It's going to be a big week for Rovio, which has become one of the world's most valuable gaming companies thanks to its ultra-popular Angry Birds franchise. On Thursday, the latest Angry Birds game, Angry Birds Space, will make its way to app stores around the internet.
But for players looking to maximize their Angry Birds Space experience, a trip to the local Walmart may be in order.
That's because Rovio has partnered with Walmart to sell limited edition merchandise, including apparel, soft toys and snacks. Hidden within this merchandise: game clues that Angry Birds Space players can use to unlock secret bonus levels within the app.
According to Rovio CMO Peter Vesterbacka, "We wanted to give our fans a unique retail extension to Angry Birds Space that rewards them for their eagle eyes. Only Walmart can deliver the reach across America for this type of program and we wish our fans luck as they seek out our hidden clues."
Walmart has over 3,000 stores across the United States and some 13m fans on its Facebook Page, and as Reuters notes, Angry Birds games have been downloaded more than 700m times. That makes the Walmart-Rovio relationship a powerful one, at least on paper. The concept: Rovio can potentially help drive Angry Birds Space players into their nearest Walmart in search of clue-containing merchandise, and Walmart can potentially drive its customers to app stores after they purchase Angry Birds merchandise. Win-win.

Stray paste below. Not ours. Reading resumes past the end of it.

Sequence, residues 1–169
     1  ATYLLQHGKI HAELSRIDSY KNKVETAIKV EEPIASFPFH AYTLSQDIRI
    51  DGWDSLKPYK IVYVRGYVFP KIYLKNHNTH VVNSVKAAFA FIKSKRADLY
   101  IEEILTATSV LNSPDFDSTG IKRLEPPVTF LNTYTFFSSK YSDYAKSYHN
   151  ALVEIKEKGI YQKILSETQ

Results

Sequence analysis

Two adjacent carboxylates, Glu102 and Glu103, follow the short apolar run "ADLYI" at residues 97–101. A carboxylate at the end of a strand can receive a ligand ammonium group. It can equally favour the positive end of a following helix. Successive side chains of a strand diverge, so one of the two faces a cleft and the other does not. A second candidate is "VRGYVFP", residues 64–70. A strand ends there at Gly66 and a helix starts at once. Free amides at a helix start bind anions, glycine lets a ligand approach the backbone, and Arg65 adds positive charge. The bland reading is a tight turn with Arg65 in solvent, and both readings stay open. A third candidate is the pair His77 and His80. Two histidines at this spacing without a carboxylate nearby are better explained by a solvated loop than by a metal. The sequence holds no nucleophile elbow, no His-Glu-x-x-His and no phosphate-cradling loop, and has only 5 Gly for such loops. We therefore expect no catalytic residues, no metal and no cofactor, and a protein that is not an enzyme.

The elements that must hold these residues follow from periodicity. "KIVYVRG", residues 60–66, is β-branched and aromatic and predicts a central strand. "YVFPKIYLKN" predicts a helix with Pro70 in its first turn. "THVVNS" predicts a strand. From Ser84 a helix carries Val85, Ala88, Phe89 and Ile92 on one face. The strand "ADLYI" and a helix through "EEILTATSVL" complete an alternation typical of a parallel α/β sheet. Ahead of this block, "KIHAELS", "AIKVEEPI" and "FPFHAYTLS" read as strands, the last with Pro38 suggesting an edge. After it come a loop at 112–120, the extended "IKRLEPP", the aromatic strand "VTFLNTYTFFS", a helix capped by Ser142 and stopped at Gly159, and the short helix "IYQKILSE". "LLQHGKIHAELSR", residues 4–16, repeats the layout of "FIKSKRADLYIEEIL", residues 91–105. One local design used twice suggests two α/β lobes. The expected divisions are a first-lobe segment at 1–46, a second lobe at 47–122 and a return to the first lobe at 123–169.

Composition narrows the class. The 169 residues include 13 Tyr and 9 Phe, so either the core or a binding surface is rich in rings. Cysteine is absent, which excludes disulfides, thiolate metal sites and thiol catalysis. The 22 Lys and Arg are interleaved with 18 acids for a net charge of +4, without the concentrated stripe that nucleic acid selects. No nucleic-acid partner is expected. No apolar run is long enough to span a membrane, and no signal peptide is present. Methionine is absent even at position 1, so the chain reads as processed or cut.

This isn't the first time a major digital gaming company has partnered with a major offline brand in an effort to create an interesting online-offline dynamic.. Zynga, for instance, sells prepaid cards at retailers like Target and Best Buy, and in 2010 forged a marketing partnership with General Mills to put Zynga virtual currency redemption codes into packages of lettuce.
While the efficacy of these deals probably varies, the Rovio-Walmart arrangement certainly won't be the last such deal and we can expect the trend of major online brands working with major offline brands to get stronger as companies learn what works and what doesn't.